A recent development in the COVID-19 saga is the emergence of a new strain in South Africa known as the Omicron variant. The World Health Organization has named it a “variant of concern”, the fifth such strain to be given that title. Cases of the new version are rising rapidly, suggesting that Omicron might soon replace the Delta variant as the dominant virus in North America. How much of a threat is Omicron?
The SARS-CoV2 virus is composed of RNA instead of having both DNA and RNA. RNA viruses are notoriously defective in terms of replicating themselves. As such, they often mutate with variable consequences. In the case of Omicron, there are a number of different mutations that cause it to be more contagious but, perhaps, not as severe as some previous versions. At present, physicians’ experience in South Africa doesn’t seem to show increased percentages of hospitalizations or deaths over previous variants.
This is not a surprise. Viruses have the goal of spreading throughout a population. The more lethal a virus is, the less likely they can spread. If an airborne virus killed 100% of the humans it infected, it would be difficult for those dead humans to breathe on live ones. The best way for a virus to become widespread is to become less lethal, so there would be many more opportunities to find new hosts. Of course, people who are elderly or immune-compromised are at risk for worse outcomes.
Omicron may present somewhat differently than other variants. You might see:
-mild muscle aches
-a dry cough
Preliminary evidence shows that Omicron may cause reinfection in people who previously had COVID infections. Some vaccine manufacturers believe that their products will be effective against the new strain, but others are less certain. In any case, it appears that the vaccinated population are given decent protection against severe disease, but little against getting infected or spreading the disease. If it turns out that the new strain is resistant to vaccines, drug manufacturers believe it would take about three months to produce a new one. It’s uncertain if the new oral drugs coming out to treat infection will be effective against Omicron.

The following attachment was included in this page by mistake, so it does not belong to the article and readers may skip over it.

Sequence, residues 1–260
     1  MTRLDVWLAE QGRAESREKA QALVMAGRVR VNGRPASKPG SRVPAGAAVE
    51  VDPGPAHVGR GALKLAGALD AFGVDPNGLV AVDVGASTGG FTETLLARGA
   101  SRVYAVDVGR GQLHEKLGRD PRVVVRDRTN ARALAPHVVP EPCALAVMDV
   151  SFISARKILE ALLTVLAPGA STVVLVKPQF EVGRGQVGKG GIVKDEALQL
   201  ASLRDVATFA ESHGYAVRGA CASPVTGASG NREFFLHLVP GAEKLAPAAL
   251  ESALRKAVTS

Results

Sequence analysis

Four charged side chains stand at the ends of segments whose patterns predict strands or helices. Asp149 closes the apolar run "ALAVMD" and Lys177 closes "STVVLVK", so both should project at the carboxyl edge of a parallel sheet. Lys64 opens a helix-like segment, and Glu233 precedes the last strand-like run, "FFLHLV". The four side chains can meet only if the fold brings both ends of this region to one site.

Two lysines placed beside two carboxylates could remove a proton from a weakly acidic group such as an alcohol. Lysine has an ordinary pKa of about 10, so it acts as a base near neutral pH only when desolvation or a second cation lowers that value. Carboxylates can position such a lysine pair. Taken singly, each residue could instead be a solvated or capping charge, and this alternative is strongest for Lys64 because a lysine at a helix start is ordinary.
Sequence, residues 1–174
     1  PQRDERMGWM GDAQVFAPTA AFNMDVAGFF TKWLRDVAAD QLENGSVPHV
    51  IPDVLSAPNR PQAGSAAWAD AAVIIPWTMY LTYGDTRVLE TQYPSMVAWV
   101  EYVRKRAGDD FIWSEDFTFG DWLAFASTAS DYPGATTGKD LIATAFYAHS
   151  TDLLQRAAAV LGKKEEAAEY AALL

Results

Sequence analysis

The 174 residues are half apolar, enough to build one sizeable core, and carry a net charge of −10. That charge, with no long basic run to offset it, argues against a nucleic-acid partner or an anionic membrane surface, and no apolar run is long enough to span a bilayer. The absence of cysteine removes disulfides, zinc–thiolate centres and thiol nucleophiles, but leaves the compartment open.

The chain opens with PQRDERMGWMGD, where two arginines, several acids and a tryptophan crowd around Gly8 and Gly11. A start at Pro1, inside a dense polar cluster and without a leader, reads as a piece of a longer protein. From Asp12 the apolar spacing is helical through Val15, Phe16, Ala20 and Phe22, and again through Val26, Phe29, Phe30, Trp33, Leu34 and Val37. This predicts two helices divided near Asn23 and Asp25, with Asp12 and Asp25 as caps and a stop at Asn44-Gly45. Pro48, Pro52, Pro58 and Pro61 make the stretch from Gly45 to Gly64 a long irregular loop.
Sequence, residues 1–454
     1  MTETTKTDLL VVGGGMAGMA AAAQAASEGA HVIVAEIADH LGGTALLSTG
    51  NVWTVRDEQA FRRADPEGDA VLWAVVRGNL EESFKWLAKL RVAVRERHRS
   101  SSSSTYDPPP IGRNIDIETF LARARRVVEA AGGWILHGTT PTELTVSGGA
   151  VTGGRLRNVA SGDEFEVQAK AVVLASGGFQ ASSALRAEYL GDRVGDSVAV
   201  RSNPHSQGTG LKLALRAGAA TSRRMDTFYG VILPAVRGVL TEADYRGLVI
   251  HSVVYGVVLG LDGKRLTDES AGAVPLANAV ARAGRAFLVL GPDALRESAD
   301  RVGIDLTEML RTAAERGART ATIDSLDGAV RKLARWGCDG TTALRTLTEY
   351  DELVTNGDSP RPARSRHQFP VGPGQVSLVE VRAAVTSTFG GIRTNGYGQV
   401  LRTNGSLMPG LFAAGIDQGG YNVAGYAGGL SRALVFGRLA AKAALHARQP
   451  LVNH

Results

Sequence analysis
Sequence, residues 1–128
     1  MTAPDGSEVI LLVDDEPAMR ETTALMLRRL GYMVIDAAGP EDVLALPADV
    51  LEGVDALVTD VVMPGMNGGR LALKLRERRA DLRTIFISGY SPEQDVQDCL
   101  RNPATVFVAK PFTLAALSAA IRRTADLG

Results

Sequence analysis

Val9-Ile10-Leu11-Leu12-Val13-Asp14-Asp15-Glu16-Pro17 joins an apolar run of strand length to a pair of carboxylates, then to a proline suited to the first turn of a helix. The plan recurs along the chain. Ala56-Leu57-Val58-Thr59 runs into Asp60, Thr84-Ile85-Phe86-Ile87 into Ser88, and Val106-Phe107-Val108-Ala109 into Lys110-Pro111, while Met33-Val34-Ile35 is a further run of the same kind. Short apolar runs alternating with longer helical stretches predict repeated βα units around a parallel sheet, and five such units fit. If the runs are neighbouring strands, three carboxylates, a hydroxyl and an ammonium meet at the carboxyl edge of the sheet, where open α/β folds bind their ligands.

(Note: The names of SARS-CoV2 variants are taken from the Greek alphabet (Alpha, Beta, Gamma, Delta, etc.). This variant was going to be named after the next letter in line, which was “nu.” The World Health Organization decided it sounded too much like “new.” The next letter was “Xi,” which was coincidentally the name of the current Chinese leader Xi Jinping, so that was ruled out, given the “sensitive” nature of the virus’s origin in China. Omicron was next, so the variant was named that.)
There’s a chance that Omicron isn’t as contagious as some are suggesting: A (vaccinated) Israeli cardiologist was the first to test positive in that country. He was in contact with several dozen people (most of them vaccinated) when he began to have symptoms. A thorough tracing and testing program found only one of his contacts, a 70-year-old colleague, had contracted the virus.
The standard recommendations against COVID-19 remain unchanged: Remain socially distanced, wear a well-fitted mask, open windows for increased ventilation and to decrease viral concentrations inside, keep hands clean, and avoid crowds. Of course, if you’re coughing or sneezing, do it into a tissue or, at least, into a bent elbow.
When will the pandemic end? If the goal is zero cases, the answer is never. My opinion is that the SARS-CoV2 virus is here to stay, but will morph into a flu-like or cold-causing organism, with severe cases no more frequent than with influenza. Indeed, four different coronaviruses cause “common cold” symptoms every year, comprising about a fourth of all such infections.
Over time, we’ll know more about Omicron and be able to figure out its impact on society. There is certainly no cause to panic or to buy into the hysteria which appears to be the agenda of many politicians, media pundits, or certain “experts.” Wear a quality mask when it’s appropriate, stay away from large indoor crowds, and wash your hands (Mom was right about this one).
Joe Alton MD
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